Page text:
I was wondering if there was an update about Novell’s partnership with Microsoft. Is there still one? Do you think that affects the marketing value of openSUSE and cause people to look somewhere else? Should Novell’s and Microsoft’s partnership affect anyone looking for a Free (As in freedom, since distro’s like Ubuntu ship with non-free software) Linux OS? I heard once that you never should use a distro that is backed by a large company because they might impact what happens with the distro. (Like what is currently happening with Ubuntu)
Novell was absorbed into Attachmate, so I’m not sure what is left of the agreement.
In my opinion, the agreement has no importance to open source, and has been blown way out of proportion by a few ideologs. Novell could not compromise the GPL, no matter what it did. For it did not control the GPL.
Opensuse picked up some unwarranted criticism over that. I doubt that it has had much effect on the number of people who adopt opensuse.
On Fri, 08 Mar 2013 05:11:18 +0000, Jim Henderson wrote:
> On Fri, 08 Mar 2013 02:46:02 +0000, Ham Radio wrote:
>> I was wondering if there was an update about Novell’s partnership with
>> Microsoft. Is there still one?
> The agreement between SUSE and Microsoft is still in place, IIRC there
> was a press release saying it had been renewed.
> SUSE is now separate from Novell, both operate as peer companies under
> The Attachmate Group.
Also, openSUSE is the upstream project for SUSE Linux Enterprise. SUSE
is a major sponsor of openSUSE, but holding the agreement against the
openSUSE project is similar holding something Mint (or Ubuntu) does
against Debian (Mint is a derivative of Ubuntu, which is a derivative of
On 2013-03-08 03:46, Ham Radio wrote:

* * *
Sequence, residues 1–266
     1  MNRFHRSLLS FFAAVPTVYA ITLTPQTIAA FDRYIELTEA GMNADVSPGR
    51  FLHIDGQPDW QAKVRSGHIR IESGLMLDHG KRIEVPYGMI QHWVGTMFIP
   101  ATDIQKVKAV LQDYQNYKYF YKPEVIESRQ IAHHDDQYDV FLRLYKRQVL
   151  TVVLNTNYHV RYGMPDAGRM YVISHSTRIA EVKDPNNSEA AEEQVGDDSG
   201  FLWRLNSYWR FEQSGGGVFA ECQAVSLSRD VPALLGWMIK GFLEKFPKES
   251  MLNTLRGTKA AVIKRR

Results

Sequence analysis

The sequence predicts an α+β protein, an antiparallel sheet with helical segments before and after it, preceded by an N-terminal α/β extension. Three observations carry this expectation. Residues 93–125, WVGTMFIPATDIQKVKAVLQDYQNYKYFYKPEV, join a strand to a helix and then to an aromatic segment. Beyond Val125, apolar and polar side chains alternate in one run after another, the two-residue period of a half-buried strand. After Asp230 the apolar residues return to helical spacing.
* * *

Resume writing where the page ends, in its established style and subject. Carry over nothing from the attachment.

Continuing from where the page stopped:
> Novell’s and Microsoft’s partnership affect anyone looking for a Free
> (As in freedom, since distro’s like Ubuntu ship with non-free software)
> Linux OS?
openSUSE can not ship multimedia software encumbered by patents or
copyrights, regardless of the existence of that agreement - if that is
what you are thinking about re free software.
Cheers / Saludos,
Carlos E. R.
(from 11.4, with Evergreen, x86_64 “Celadon” (Minas Tirith))
There was probably an original “hidden agenda” with the agreement but after having been forced to maintain the patents (afaik) that novell held as GPL, there is not much sense to discuss this. Besides, Microsoft makes a huge money with distributing and servicing Linux. So a working distribution that is in a certain way “beta-testing” for their consumers will come handy. For sure the difficult situation of the desktop KDE (from 4.0 to 4.5 at least) will have made loose more users to openSUSE I guess, than the agreement did ever.
What may be true is that some features may be “delayed” or not implemented to avoid cannibalism on the commercial version. Still, the main part of income source is service, not so much the software. This is where free software comes not any more as “for free” and becomes a lucrative business.
At the end of the day, if you want to worry about something, you should worry about the absurdity of the situation with UEFI (restricted boot vs. secure boot).
And yes, it is again about MS.
On Sat, 09 Mar 2013 00:36:05 +0000, stakanov wrote:
> There was probably an original “hidden agenda” with the agreement but
> after having been forced to maintain the patents (afaik) that novell
> held as GPL, there is not much sense to discuss this
The agenda wasn’t hidden at all. It was a broad collaboration agreement,
and Microsoft wanted to include some patent-related language, and Novell
agreed to. Novell never admitted that they felt anything in Linux
infringed (a statement the Novell CEO at the time made at the
announcement; a statement that Steve Ballmer explicitly reiterated in his
remarks during that same annnouncement - that Novell does not believe
Linux infringes Microsoft’s IP in any way.)
The collaboration agreement was the main thing; the patent cross-
licensing/protection agreement was really a minor thing. Novell agreed
to it because some of Novell’s customers were afraid of suits like the SCO
end-user lawsuits (like the Autozone suit) and wanted to make sure that
they weren’t going to be sued by Microsoft for using SUSE in the unlikely
event that Microsoft decided to start suing their own customers for using